1753. Late one Friday night, after a ball in the Public Rooms, a coach and horses turn at high speed into a narrow, poorly lit lane behind the Walks. The footmen are thrown to the ground and the coach topples to one side, close to falling right over. Fortunately there are several people standing nearby who run forward and hold it up while the occupant extricates herself. She is unhurt, but agitated and distinctly unamused.
The lady in question was Elizabeth Montague, who had been a regular visitor to Tunbridge Wells since 1733, when she was 15. Elizabeth was a hypochondriac, who travelled to spas across England in search of a cure for migraines and other ailments. She spent around five weeks each summer in Tunbridge Wells, which was a particular favourite. She described the town’s country air as ‘incomparable.’
Elizabeth was not a great beauty (she had a sharp face and a long nose), did not dress in the latest fashion and was not especially intellectual. But she was vivacious, witty and could speak entertainingly and at length on subjects about which she knew very little. She enjoyed flirting and had many admirers. After she married Edward Montagu, grandson of the second Earl of Sandwich, when she was 24, she had wealth to add to her attractions.
In London Elizabeth became a leading hostess; her friends included writer Samuel Johnson, actor David Garrick and painter Joshua Reynolds. She was also a founder-member of a group of women and men who became known as the ‘blue stocking philosophers’.
Elizabeth was an active letter-writer and often wrote about Tunbridge Wells. She was dismissive of many of the people she met there, who talked ‘of little but water, bread, butter and scandal’. She said that one particular lady ‘looked like a state bed running upon castors; she has robbed the valance and tester of a bed for a trimming’.
Most of Elizabeth’s visits were in the era of Beau Nash. Throughout the summer months Tunbridge Wells was filled with visitors who danced, gambled, gossiped and took the waters. They were a cosmopolitan crowd. French, Germans, Hungarians and Italians mingled with Londoners. Physicians, clergymen, musicians and tradesmen rubbed shoulders with nobility. Elizabeth described the town as the parliament of the world and observed: “Next to some German, whose noble blood might entitle him to be a Grand Master of Malta, sits a pin-makers’ wife from Smock-alley; pickpockets, who are come to the top of their profession, play with noble dukes at brag’. This mixture amused her. ‘I am diverted by the medley;’ she wrote ‘the different characters and figures are amusing, especially at the balls, where persons of every age, size and shape step forth to dance’.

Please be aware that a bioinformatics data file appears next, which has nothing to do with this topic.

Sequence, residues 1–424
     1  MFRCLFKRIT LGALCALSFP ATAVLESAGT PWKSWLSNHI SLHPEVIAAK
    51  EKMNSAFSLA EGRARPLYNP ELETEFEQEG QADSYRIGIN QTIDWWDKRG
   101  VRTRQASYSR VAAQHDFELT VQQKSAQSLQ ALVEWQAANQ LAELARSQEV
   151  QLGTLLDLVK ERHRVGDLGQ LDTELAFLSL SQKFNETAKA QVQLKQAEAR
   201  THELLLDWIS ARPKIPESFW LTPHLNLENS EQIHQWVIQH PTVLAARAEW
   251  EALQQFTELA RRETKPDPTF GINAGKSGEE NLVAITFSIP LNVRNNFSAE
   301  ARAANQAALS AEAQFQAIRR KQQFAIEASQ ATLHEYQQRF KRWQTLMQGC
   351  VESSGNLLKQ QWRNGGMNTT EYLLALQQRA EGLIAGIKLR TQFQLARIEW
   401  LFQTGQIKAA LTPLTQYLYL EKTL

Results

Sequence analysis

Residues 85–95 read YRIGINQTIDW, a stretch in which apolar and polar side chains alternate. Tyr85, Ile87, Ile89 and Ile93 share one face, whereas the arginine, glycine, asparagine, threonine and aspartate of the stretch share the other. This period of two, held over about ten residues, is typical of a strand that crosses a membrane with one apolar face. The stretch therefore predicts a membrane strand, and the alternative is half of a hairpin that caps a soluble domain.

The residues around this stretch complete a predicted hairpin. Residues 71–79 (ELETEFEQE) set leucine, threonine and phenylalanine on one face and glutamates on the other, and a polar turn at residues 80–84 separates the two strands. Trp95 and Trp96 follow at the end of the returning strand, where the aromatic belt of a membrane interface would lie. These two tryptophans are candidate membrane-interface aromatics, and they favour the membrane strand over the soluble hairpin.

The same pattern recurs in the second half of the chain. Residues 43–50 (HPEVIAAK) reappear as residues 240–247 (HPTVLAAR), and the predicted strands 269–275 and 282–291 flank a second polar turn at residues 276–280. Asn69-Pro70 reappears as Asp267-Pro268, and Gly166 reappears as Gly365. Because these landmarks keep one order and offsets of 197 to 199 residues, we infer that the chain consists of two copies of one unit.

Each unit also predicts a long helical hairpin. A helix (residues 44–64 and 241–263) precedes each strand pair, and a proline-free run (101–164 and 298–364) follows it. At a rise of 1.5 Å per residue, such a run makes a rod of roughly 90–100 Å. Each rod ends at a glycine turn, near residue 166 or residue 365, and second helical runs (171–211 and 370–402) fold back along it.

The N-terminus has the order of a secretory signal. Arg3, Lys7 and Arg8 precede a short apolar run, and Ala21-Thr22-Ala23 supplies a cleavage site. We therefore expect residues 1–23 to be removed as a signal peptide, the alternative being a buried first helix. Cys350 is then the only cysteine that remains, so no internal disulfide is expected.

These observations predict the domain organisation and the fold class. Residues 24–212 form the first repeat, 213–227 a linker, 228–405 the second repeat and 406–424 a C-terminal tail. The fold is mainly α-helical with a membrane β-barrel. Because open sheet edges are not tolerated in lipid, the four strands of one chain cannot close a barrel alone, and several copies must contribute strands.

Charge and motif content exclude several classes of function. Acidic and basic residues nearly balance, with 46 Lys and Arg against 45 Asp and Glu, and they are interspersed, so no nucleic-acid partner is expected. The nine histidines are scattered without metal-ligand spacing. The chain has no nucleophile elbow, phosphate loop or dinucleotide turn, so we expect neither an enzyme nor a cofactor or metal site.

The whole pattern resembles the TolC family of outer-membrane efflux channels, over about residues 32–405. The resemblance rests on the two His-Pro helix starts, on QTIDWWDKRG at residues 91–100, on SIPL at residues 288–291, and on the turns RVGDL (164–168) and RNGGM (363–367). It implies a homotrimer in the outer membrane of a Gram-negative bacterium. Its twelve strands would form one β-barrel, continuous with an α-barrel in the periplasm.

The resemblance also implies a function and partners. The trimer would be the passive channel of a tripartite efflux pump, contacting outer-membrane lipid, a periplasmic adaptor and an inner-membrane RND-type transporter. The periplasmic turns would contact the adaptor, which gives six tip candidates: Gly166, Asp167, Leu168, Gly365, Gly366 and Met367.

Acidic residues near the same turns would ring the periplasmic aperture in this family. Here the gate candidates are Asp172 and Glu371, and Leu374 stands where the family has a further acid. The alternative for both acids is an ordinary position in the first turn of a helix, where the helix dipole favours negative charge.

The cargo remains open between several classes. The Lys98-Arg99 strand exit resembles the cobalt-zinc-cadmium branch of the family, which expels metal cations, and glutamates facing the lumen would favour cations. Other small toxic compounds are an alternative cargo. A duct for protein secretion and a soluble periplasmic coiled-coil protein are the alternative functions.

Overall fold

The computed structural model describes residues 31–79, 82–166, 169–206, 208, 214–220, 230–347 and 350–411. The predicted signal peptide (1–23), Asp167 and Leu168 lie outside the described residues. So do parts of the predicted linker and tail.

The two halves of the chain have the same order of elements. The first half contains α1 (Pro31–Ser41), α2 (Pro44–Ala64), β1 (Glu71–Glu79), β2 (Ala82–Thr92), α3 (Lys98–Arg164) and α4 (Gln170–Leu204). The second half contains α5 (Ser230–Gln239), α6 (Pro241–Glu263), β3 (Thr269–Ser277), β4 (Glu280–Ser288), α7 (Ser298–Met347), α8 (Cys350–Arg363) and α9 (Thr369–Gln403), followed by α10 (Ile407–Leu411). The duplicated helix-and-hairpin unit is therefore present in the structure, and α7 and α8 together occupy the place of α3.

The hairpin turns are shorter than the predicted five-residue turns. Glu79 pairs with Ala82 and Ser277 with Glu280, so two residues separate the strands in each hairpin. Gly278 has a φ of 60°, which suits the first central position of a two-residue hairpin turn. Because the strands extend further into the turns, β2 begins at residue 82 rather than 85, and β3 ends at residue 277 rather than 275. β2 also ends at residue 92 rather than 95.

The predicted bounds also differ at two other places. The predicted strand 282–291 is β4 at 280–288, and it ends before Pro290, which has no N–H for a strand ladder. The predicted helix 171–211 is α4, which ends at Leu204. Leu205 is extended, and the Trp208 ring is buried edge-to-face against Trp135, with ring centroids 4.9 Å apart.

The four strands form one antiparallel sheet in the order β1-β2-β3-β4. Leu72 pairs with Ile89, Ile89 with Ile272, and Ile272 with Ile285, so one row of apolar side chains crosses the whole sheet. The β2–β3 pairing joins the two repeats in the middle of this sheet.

The entertainment on offer was generally not very refined. In one of her letters Elizabeth recalled a concert ‘where the fiddles squeaked, the bass viol grumbled, the trumpets roared, and the bassoon did what is not fit to be mentioned and the musicians, after having stunned us in this manner for two hours, took it ill we desired to be entertained with some country dances’.
On the whole Elizabeth lived a simpler and quieter life than most visitors, avoiding the ‘busy haunts’ as much as possible and locating herself on Mount Ephraim, well removed from the bustle of the Walks. Her main activity, apart from taking the waters, was making excursions on horseback to places such as Penshurst, Tonbridge and High Rocks.
Following her coach accident Elizabeth Montagu was shaken and angry. She was in no doubt as to who was responsible and sacked her coachman, who had certainly been drinking and may have been drunk. Elizabeth became the centre of attention for a while and had many enquiries about her wellbeing. The proprietor of the Public Rooms, who was anxious not to lose such a high profile visitor, promised to have the road levelled immediately. However, her experience did not put Elizabeth off Tunbridge Wells and she continued to visit until at least 1879, over 40 years after her first visit.
- On most of her visits, Elizabeth stayed at Stone House on Mount Ephraim. Montague Terrace is now on this site.
- Beau Nash, Master of Ceremonies from 1835 onwards, was the subject of an earlier post in Tunbridge Tales.